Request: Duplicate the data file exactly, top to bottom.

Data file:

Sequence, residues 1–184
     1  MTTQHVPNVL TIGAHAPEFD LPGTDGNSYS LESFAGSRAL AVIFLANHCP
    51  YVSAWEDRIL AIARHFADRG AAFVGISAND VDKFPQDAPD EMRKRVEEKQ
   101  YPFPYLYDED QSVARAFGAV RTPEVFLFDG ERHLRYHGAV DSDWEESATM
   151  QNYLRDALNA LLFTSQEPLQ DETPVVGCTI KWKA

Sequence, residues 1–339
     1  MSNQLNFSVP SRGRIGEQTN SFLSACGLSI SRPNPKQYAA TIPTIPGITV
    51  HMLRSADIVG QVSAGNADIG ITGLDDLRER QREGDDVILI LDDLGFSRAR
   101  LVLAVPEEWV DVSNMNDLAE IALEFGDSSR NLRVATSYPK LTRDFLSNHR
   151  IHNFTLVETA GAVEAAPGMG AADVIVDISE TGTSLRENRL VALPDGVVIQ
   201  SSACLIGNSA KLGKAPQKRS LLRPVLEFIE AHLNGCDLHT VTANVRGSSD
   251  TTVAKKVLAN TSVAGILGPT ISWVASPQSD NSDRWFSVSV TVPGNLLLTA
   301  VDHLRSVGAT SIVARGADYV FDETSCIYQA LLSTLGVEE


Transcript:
Sequence, residues 1–184
     1  MTTQHVPNVL TIGAHAPEFD LPGTDGNSYS LESFAGSRAL AVIFLANHCP
    51  YVSAWEDRIL AIARHFADRG AAFVGISAND VDKFPQDAPD EMRKRVEEKQ
   101  YPFPYLYDED QSVARAFGAV RTPEVFLFDG ERHLRYHGAV DSDWEESATM
   151  QNYLRDALNA LLFTSQEPLQ DETPVVGCTI KWKA

Sequence, residues 1–339
     1  MSNQLNFSVP SRGRIGEQTN SFLSACGLSI SRPNPKQYAA TIPTIPGITV
    51  HMLRSADIVG QVSAGNADIG ITGLDDLRER QREGDDVILI LDDLGFSRAR
   101  LVLAVPEEWV DVSNMNDLAE IALEFGDSSR NLRVATSYPK LTRDFLSNHR
   151  IHNFTLVETA GAVEAAPGMG AADVIVDISE TGTSLRENRL VALPDGVVIQ
   201  SSACLIGNSA KLGKAPQKRS LLRPVLEFIE AHLNGCDLHT VTANVRGSSD
   251  TTVAKKVLAN TSVAGILGPT ISWVASPQSD NSDRWFSVSV TVPGNLLLTA
   301  VDHLRSVGAT SIVARGADYV FDETSCIYQA LLSTLGVEE